Extraordinary Discovery: Antarctica Could be Full of Diamonds

An extraordinary discovery has opened the possibility of a new diamond rush in the coldest continent in the world - Antarctica.

In a scientific paper published a while ago in the journal "Nature Communications", a team of researchers announced that they found kimberlite in the Prince Charles Mountains of East Antarctica, according to The Australian.

Kimberlite is a stone that is rarely found near the Earth's surface because it forms deep in the Earth's mantle where conditions also tend to favor the formation of diamonds.

Although no diamonds were found in the sample, the chemical signature of the minerals matches that of other places on the planet where diamonds were found.

It is believed that the rocks were pushed to the surface more than 120 million years ago when much of today's world (Africa, the Arabian Peninsula, South America, the Indian subcontinent, Australia, and Antarctica) was part of a supercontinent known as Gondwana.
Extraordinary Discovery: Antarctica Could be Full of Diamonds
Kimberlite outcrops then dotted central Gondwana. The continental plates that made it up were removed at one point, which would explain why diamonds were found in such diverse and remote places, from Brazil to southern Africa and India.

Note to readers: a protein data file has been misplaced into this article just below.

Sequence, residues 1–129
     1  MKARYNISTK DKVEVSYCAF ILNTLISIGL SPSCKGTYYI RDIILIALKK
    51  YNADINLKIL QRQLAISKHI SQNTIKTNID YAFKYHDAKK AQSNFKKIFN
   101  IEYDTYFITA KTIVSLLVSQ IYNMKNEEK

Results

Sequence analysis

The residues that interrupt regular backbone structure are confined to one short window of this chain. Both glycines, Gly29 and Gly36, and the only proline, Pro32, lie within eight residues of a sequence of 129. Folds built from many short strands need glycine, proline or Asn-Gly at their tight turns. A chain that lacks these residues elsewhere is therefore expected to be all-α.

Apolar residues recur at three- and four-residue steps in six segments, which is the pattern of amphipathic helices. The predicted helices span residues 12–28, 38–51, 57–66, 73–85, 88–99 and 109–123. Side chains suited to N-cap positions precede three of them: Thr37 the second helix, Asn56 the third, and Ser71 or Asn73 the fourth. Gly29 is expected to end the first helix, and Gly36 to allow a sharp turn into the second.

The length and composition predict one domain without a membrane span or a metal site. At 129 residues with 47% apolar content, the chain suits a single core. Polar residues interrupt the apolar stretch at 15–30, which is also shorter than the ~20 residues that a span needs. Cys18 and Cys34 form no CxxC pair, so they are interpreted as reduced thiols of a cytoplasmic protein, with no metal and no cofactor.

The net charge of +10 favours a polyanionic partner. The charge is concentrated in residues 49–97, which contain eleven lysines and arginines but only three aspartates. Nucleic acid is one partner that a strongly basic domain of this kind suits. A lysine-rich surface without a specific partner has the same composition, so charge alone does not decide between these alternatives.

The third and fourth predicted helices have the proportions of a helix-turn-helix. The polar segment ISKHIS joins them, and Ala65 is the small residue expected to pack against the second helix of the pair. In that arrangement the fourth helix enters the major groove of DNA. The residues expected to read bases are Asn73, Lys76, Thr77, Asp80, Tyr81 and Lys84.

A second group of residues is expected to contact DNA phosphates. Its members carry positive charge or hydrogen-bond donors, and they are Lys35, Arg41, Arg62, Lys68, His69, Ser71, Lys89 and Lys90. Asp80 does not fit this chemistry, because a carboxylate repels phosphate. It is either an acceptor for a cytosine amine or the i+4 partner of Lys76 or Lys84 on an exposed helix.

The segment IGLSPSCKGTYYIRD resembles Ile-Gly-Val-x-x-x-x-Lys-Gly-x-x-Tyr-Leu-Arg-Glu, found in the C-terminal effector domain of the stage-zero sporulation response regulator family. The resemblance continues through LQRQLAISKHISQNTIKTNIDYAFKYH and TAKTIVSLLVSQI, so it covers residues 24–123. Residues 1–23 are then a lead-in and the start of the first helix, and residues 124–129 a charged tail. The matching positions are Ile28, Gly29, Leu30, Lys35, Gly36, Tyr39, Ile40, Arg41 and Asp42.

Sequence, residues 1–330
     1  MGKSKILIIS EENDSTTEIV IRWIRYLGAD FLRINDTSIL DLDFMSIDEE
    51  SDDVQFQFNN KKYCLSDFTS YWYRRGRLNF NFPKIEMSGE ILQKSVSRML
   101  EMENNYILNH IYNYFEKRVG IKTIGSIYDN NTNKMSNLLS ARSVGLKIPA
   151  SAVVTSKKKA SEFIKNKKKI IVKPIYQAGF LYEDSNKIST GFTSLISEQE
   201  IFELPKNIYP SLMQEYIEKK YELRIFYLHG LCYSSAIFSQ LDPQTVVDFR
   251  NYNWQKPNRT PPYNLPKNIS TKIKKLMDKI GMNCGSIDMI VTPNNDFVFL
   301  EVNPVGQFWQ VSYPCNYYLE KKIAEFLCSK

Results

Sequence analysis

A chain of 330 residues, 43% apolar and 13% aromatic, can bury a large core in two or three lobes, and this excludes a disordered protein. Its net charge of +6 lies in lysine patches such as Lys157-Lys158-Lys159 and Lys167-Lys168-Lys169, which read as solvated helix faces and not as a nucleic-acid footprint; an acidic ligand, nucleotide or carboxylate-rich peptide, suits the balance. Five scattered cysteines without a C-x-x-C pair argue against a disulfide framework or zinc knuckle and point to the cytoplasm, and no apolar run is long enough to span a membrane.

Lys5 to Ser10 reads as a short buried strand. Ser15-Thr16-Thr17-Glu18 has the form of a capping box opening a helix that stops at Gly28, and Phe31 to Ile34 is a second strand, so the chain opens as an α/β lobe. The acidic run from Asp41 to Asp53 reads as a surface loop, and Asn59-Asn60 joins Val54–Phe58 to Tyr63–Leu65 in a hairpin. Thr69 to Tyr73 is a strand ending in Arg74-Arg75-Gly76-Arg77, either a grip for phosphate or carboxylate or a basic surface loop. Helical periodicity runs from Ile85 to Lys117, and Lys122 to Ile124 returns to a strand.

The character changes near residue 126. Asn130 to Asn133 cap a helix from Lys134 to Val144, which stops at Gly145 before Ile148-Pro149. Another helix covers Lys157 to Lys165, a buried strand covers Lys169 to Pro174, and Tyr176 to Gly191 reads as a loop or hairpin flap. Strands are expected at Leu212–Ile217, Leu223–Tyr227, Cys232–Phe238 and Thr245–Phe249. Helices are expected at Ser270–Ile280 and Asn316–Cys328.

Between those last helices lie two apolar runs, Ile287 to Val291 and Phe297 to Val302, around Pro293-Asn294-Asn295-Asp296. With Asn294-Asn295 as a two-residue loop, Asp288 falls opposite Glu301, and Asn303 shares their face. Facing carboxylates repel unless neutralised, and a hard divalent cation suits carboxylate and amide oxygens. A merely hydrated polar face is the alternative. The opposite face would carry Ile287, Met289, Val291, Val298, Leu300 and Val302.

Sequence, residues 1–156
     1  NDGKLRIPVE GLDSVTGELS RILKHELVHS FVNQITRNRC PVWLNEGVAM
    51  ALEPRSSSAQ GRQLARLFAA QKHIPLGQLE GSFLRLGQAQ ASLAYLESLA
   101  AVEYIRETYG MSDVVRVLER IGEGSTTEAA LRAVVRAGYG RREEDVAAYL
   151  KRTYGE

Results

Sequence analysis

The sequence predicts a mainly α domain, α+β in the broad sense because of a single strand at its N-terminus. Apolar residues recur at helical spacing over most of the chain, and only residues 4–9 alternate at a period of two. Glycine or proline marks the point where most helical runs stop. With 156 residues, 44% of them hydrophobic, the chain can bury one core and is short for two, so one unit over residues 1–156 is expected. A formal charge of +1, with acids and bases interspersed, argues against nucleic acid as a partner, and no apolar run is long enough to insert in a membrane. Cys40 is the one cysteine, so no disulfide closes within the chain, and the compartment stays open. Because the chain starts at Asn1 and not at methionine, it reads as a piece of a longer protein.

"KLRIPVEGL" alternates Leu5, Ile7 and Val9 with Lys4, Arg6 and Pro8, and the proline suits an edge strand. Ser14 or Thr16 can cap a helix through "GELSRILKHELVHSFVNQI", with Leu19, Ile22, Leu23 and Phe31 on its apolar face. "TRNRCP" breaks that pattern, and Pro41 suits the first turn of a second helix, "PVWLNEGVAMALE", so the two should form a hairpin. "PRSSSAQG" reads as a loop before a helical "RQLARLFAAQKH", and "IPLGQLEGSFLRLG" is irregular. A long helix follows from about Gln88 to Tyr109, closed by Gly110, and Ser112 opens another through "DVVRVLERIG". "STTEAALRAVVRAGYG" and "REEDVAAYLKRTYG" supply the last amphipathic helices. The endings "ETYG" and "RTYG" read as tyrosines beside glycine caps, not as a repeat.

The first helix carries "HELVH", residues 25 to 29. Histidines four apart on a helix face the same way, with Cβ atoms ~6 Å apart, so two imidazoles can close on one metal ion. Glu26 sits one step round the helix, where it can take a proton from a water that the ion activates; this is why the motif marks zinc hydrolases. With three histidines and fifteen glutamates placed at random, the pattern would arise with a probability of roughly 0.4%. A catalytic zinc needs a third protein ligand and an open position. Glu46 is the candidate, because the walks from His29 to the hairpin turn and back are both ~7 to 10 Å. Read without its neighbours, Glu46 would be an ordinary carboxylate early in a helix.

Will We See a Diamond Rush in Antarctica?

If there really are diamonds in the mountains of Antarctica, then there is a chance to see the diamond chase of the 21st century.

The name "kimberlite" comes from the South African town of Kimberley, which was created due to a diamond rush. In 1871, a cook found a huge stone while digging on a farm, and within a year, about 50,000 prospectors were there, digging feverishly and creating a makeshift tent city.

A treaty protecting Antarctica was signed in 1961, and in 1991 it was updated by an environmental protocol, Article 7 of which expressly prohibits "any activity relating to mineral resources". The 1991 pact will have to be revised in 2048, 50 years after it entered into force. The treaty was ratified by 35 nations.

But if speculation about diamonds comes true, it's hard to believe that states will wait until 2048 without changing the treaty.

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